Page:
It is estimated that one person in every ten has a particular phobia which causes them attacks of extreme panic that can occur at any time and in any place.

Anyone who has experienced the symptoms of a mild panic attack – whether because you nearly missed a flight or train, or because a spider scuttled out from behind the shower curtain – may begin to imagine how a phobia sufferer might feel, but it is hard to conceive just how widely a phobia can affect a person’s life.

According to one psychologist, phobias are characterized by four factors:

A persistent, irrational fear of an object or situation
A powerful desire to avoid the object or situation
Significant distress associated with the problem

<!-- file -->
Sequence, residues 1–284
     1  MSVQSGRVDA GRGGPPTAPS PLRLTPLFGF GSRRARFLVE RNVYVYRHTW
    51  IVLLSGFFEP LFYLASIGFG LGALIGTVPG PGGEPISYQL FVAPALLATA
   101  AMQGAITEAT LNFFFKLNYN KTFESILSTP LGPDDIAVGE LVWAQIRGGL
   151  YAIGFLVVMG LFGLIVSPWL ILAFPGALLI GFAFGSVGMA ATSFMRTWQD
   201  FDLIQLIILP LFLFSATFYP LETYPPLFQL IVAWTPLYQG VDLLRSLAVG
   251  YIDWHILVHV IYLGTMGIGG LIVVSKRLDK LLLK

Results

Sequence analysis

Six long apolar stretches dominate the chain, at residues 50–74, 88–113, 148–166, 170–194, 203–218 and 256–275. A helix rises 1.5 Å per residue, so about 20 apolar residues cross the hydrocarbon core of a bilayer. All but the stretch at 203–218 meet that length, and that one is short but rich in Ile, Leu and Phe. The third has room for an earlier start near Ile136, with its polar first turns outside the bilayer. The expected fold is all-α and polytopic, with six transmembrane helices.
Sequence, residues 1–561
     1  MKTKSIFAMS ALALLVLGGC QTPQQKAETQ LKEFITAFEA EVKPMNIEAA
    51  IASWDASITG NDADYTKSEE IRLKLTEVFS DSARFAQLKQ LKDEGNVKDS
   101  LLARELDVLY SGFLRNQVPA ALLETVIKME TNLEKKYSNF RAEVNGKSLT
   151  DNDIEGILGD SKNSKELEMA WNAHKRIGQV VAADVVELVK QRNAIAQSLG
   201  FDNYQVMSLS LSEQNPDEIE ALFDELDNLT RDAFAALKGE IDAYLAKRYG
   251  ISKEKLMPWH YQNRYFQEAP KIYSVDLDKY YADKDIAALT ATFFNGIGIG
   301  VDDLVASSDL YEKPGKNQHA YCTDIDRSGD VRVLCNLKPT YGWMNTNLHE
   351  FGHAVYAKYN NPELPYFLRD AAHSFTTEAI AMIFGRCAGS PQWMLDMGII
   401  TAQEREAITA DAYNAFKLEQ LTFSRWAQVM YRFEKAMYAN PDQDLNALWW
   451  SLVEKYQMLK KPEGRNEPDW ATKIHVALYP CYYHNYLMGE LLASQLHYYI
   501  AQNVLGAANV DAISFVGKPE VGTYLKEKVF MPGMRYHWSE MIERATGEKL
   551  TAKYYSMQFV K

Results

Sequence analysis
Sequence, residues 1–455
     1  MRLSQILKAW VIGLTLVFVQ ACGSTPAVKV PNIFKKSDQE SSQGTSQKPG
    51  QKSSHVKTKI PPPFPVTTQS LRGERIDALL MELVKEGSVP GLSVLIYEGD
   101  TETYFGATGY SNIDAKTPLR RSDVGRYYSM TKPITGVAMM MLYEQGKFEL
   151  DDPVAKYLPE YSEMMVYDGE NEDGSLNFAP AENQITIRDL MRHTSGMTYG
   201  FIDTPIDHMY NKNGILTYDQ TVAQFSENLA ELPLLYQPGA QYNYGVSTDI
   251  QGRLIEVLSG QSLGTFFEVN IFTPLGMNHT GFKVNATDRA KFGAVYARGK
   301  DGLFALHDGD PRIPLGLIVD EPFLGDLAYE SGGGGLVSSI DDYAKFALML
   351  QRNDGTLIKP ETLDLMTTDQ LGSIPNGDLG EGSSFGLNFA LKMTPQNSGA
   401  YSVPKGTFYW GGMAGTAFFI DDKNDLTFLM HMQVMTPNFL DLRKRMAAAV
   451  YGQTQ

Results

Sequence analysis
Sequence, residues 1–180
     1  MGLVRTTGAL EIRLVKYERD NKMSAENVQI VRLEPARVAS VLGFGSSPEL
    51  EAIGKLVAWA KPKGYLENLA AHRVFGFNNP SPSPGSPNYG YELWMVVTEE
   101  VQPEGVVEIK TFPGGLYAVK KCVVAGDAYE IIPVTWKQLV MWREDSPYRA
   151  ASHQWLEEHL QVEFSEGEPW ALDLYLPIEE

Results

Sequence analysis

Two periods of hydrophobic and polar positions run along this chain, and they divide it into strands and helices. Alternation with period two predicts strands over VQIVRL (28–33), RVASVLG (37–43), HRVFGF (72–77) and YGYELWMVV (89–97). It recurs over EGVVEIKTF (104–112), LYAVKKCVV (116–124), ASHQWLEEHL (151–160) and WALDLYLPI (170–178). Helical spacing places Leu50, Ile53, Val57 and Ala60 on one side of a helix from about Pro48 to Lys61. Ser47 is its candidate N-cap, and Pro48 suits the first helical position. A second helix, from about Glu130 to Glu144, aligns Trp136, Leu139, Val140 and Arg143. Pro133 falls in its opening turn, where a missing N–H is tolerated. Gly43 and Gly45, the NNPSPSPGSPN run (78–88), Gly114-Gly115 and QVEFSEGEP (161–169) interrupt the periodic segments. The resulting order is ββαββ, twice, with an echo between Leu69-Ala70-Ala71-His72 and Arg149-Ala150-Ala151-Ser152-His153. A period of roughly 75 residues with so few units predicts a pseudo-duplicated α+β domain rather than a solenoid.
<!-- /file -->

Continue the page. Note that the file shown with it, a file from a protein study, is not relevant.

Depending on the cause of the phobia, some people are so badly affected that they cannot leave their own homes or lead a normal life. They often make excuses to avoid going out or joining in activities with family and friends. For many, the thought of travelling to work or going shopping, for example, is just petrifying. To someone who is not affected the fears may seem completely irrational and out of all proportion to the cause, but the terror is very real to the phobia sufferer. Anything from spiders to airplanes can trigger the symptoms, which include racing breath, pounding heart, dizziness, and sweating. Among the most common phobias are claustrophobia (the fear of being in confined or crowded places), agoraphobia (the fear of being in open places). Often a person who is prone to phobias may suffer from more than one fear. In extreme cases, phobias can drive people to suicide.